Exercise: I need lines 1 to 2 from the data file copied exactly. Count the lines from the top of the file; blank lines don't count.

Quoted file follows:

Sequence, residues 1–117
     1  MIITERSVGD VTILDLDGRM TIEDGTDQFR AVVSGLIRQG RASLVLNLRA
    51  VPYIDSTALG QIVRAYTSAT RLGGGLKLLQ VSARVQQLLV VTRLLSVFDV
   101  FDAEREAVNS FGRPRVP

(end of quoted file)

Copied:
Sequence, residues 1–117
     1  MIITERSVGD VTILDLDGRM TIEDGTDQFR AVVSGLIRQG RASLVLNLRA